All of Linwood’s wood construction materials come from B.C. and three types were used on the exterior: horizontal western red cedar V-joint comb-face horizontal siding, natural channel siding on gables and dormers, and darker-toned tongue and groove soffit and fascia.
It includes a magnificent great room with an expanse of windows overlooking the lake that opens to the kitchen and dining room. A three-season screened porch and a lake-facing sun deck provide indoor-outdoor living. The second level features a loft and a large games room.
The cottage’s well is 540 feet deep and the septic system is a high-performance Waterloo Biofilter system well suited to bedrock settings such as this one. Unlike conventional septic systems that use a tile bed to treat and dispose of waste, the Waterloo system uses an engineered synthetic, absorbent filter to treat sewage and process wastewater. Because of the bedrock, there is no basement.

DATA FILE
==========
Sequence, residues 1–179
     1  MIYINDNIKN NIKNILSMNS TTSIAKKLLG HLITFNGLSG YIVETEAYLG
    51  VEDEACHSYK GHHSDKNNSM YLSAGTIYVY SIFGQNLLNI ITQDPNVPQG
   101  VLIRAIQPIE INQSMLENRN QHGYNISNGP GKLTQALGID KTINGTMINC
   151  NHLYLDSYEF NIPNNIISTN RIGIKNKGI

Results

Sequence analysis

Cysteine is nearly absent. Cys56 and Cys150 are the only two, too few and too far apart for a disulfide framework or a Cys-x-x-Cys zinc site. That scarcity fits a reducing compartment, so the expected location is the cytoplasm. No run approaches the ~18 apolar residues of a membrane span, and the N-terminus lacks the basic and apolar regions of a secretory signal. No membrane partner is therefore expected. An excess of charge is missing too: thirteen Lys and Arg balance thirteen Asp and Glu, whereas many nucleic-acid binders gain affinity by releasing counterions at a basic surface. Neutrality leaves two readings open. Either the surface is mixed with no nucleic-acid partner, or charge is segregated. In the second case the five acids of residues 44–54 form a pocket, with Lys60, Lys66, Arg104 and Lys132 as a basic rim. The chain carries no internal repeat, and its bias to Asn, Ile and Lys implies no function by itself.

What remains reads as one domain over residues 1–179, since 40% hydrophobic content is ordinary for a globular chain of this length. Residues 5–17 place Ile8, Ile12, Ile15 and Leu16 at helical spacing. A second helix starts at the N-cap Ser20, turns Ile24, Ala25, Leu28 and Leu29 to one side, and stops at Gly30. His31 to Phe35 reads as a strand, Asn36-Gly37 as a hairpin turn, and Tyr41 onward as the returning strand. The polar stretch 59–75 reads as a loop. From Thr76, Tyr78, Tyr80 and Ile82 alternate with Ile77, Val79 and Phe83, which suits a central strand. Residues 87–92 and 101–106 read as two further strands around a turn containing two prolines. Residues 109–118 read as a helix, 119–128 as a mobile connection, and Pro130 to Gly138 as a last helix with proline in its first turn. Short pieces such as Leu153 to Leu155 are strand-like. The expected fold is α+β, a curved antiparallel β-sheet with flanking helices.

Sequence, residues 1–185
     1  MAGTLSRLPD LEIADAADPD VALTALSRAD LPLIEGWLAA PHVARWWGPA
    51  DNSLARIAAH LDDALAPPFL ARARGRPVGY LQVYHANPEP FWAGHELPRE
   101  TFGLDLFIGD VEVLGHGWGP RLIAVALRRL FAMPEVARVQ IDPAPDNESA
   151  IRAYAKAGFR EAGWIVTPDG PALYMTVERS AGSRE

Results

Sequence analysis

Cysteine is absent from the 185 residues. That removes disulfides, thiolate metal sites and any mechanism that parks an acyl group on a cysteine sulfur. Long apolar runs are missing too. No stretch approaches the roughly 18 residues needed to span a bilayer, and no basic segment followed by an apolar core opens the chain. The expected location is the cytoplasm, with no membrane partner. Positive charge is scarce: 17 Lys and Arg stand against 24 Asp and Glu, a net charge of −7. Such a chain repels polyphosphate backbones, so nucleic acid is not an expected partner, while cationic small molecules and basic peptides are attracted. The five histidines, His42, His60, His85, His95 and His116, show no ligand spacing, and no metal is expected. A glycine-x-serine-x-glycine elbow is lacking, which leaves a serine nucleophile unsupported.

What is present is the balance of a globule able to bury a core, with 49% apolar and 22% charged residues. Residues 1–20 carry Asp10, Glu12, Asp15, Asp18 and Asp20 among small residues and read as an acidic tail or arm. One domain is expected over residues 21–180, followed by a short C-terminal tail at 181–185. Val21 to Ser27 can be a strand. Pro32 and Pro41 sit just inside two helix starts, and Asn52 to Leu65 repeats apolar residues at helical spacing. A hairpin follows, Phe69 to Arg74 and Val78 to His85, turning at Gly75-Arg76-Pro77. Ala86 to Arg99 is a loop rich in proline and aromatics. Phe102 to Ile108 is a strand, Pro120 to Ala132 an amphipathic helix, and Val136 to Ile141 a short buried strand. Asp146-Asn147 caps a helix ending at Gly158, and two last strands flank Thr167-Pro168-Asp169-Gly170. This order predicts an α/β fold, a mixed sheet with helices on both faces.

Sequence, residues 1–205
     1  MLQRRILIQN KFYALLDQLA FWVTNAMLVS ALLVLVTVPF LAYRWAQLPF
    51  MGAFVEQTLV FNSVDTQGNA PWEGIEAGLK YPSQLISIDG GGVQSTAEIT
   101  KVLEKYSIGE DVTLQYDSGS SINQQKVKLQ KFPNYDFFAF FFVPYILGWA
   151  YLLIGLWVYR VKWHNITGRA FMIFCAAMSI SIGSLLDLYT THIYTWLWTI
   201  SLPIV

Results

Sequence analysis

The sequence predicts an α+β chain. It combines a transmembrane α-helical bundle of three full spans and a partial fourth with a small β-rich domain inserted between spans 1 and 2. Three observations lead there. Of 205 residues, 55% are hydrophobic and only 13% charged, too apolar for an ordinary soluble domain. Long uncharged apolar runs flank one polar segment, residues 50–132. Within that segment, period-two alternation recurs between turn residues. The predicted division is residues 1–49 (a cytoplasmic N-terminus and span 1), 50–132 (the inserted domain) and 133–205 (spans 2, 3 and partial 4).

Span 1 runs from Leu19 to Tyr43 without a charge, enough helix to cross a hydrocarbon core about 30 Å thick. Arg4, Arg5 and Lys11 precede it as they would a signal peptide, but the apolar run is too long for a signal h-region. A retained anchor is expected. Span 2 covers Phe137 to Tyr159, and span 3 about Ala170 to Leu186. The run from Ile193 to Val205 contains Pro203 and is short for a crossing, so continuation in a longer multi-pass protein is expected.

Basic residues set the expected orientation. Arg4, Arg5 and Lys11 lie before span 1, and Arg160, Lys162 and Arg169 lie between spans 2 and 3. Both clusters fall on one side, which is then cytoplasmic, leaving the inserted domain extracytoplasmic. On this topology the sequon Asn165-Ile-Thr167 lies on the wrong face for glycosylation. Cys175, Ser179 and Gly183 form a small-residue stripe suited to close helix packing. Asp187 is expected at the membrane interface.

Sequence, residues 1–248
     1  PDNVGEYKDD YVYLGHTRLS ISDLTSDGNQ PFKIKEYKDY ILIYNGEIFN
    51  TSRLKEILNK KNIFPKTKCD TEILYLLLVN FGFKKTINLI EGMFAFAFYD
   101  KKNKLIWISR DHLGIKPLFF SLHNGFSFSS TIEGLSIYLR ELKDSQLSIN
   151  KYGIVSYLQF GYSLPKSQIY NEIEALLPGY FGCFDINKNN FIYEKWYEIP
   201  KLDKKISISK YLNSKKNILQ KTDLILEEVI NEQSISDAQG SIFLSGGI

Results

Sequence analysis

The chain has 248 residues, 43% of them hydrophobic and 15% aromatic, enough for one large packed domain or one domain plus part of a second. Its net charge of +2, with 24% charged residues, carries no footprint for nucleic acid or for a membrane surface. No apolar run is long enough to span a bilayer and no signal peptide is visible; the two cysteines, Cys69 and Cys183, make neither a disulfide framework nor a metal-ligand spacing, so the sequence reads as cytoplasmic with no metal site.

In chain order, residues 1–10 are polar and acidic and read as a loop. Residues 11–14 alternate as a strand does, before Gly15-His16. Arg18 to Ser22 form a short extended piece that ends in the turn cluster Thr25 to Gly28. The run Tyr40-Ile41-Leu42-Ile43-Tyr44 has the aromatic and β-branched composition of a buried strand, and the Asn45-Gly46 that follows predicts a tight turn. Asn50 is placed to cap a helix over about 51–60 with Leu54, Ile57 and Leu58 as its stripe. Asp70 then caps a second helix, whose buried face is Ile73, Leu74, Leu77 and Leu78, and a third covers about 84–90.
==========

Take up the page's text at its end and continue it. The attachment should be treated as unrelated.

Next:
Since the cottage was a full post and beam construction, the entire interior could be opened up and vaulted ceilings installed—some of the beams are as long as 22 feet. A glass railing system was used in the loft to allow for unobstructed views of the woods and forest.
North Channel, Sault Ste. Marie
This custom, 5,500-square-foot weekend family home belonging to Toronto HVAC engineer Andy Selin blends harmoniously with its rugged natural setting on a 10-acre private island off St. Joseph’s Island in the North Channel, while incorporating some leading-edge technologies.
The custom-designed Normerica Timber Frame house boasts generous use of wood, natural stone and glass and every room has a view of the water. Selin wanted the house to be designed on “pattern language,” a term coined by architect Christopher Alexander in the 1970s to describe a structured method of design practices that ordinary people can use to solve simple to complex design problems.
“Andy was really the leader of our team and we worked together with him, and the result was fantastic,” says Bill Williams of Normerica. He says access to the island wasn’t a problem, as Selin acquired four levels of government approval to build a causeway to the location.